On the intersection of competition law and local-government conduct
Scottie Forbes Lee
This post studies an interesting question in competition law: can a local government be sued for money damages based on a federal antitrust violation?
The answer is “no,” according to a recent decision from a federal court in Charlotte. Benitez v. Charlotte-Mecklenburg Hospital Authority is one of several high-profile antitrust cases involving Atrium Health, the large public-hospital system in Charlotte.
Raymond Benitez had inpatient care at Atrium. After insurance, Mr. Benitez faced a $3000 medical bill.
Mr. Benitez’s insurer had an agreement with Atrium. That agreement included what are known as steering restrictions. These restrictions limited an insurer’s ability to direct subscribers—like Mr. Benitez—to healthcare providers other than Atrium.
These facts prompted a putative class action. The complaint alleges that the steering restrictions unlawfully drive up prices for inpatient services, inflate the amount of co-insurance that patients must pay Atrium, and thereby violate the federal antitrust laws. The putative class sought money damages and an injunction to stop Atrium’s steering restrictions.
Atrium moved for judgment on the pleadings. It argued that a federal statute called the Local Government Antitrust Act barred the claim for monetary damages. The Act provides local governments with absolute immunity against monetary damages brought under section 4 of the Clayton Act.
In its opening brief, Atrium emphasized that it functions as a political subdivision of the state—and that it was created to serve a public purpose. Atrium pointed to numerous cases that have applied the Act to hospitals based on those features.
Judge Robert J. Conrad, Jr. agreed.
Judge Conrad began his analysis by looking at the Act’s definition of “local government.” That definition includes any “special function governmental unit established by State law in one or more States.”
Judge Conrad then noted that courts have broadly construed this definition. That broad construction means that the Act applies to a wide range of decisions that any local-government entity makes.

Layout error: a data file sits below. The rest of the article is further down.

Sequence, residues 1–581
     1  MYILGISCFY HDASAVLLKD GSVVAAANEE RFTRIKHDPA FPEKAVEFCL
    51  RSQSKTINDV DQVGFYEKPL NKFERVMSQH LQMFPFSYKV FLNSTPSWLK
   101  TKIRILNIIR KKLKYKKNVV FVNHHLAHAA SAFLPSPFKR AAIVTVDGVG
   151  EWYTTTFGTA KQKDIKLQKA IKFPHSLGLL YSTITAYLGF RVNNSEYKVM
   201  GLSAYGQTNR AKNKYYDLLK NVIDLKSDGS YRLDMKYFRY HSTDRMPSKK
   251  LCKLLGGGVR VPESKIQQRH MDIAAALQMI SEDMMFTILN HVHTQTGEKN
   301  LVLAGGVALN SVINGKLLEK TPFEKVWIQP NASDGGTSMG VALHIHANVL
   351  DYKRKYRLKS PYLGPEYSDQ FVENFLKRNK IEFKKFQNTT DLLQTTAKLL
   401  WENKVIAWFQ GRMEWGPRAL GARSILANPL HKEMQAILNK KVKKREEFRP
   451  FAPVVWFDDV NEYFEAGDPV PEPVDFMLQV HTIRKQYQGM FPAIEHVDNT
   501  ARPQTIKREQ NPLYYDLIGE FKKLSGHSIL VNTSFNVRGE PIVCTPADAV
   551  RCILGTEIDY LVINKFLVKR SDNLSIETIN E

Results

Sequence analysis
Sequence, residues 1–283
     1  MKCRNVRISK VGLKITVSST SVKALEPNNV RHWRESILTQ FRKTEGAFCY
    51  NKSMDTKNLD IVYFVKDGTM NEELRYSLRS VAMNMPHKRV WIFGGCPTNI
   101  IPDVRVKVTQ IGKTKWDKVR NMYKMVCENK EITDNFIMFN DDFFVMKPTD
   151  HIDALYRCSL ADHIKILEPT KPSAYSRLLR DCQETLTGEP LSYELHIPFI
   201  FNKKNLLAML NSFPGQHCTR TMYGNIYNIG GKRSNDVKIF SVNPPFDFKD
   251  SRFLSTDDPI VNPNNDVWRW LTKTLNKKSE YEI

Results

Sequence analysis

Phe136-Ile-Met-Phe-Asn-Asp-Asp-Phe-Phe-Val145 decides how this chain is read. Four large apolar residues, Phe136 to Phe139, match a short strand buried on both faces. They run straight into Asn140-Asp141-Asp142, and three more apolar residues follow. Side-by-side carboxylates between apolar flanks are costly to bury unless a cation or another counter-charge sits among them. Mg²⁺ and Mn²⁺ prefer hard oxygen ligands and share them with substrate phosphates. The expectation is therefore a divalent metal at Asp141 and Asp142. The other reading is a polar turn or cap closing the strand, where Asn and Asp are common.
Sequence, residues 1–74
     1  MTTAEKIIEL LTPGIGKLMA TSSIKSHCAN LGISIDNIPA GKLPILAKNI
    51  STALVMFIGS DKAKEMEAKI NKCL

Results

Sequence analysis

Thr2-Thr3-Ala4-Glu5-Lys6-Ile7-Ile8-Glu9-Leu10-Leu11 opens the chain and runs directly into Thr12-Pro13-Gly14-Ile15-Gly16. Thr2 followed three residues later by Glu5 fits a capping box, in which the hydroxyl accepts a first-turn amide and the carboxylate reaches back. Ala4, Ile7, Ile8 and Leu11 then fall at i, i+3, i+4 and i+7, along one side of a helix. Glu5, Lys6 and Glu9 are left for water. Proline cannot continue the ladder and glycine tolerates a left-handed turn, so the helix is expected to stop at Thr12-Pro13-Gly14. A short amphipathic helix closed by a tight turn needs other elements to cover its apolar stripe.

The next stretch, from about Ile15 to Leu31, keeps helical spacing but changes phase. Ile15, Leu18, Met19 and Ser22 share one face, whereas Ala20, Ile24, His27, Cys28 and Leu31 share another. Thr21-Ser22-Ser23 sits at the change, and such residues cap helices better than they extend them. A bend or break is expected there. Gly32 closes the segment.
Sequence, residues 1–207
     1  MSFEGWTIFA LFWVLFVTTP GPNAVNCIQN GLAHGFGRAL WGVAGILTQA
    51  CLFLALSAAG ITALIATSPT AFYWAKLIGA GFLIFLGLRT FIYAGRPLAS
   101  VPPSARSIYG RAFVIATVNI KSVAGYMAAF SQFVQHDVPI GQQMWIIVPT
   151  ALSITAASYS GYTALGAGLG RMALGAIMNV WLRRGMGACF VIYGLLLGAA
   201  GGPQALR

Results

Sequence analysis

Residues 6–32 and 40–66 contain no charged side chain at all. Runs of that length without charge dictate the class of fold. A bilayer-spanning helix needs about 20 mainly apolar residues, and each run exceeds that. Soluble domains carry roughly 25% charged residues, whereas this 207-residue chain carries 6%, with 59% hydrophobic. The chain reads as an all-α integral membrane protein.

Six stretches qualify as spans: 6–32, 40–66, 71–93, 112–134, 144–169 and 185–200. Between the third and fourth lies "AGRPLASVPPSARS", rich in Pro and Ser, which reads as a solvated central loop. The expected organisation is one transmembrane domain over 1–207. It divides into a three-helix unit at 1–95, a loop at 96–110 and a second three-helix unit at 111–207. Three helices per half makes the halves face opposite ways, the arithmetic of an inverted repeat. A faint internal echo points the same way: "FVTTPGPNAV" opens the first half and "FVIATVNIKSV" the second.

And, to eliminate any doubt, Atrium is a local-government entity. The General Assembly created Atrium as a public-hospital authority under chapter 131E of the North Carolina General Statutes. Judge Conrad specifically cited section 131E-16(14), which defines a hospital authority as “a public body and a body corporate and politic organized under [North Carolina law].” He explained that the term “body politic” means “a body acting as government.”
Judge Conrad then turned to Atrium’s powers under the statute. Those powers, he observed, parrot the powers that the General Assembly gave to municipal hospitals under the same chapter. This similarity bears significance, because the Fourth Circuit has granted absolute immunity from antitrust damages to a municipal hospital established under chapter 131E.
By extension, Judge Conrad concluded, a public-hospital authority formed under chapter 131E is likewise immune from antitrust claims that seek monetary damages.
So the Act shields Atrium from claims for money damages. But it does not shield Atrium from claims for injunctive relief.
Judge Conrad put the case on ice nonetheless. He did so because the same injunctive relief being sought in Benitez is also being sought in another pending case against Atrium before Judge Conrad. A stay in Benitez avoids duplicative litigation, and a resolution of the issues in the other case would resolve the issue in Benitez.
That resolution is coming soon, because the parties in the earlier case have reached a proposed settlement. That settlement stops Atrium from enforcing steering restrictions in its insurer contracts and bars Atrium from taking action that would prohibit, prevent, or penalize steering by insurers in the future.
Authors: Scottie Lee and Stephen Feldman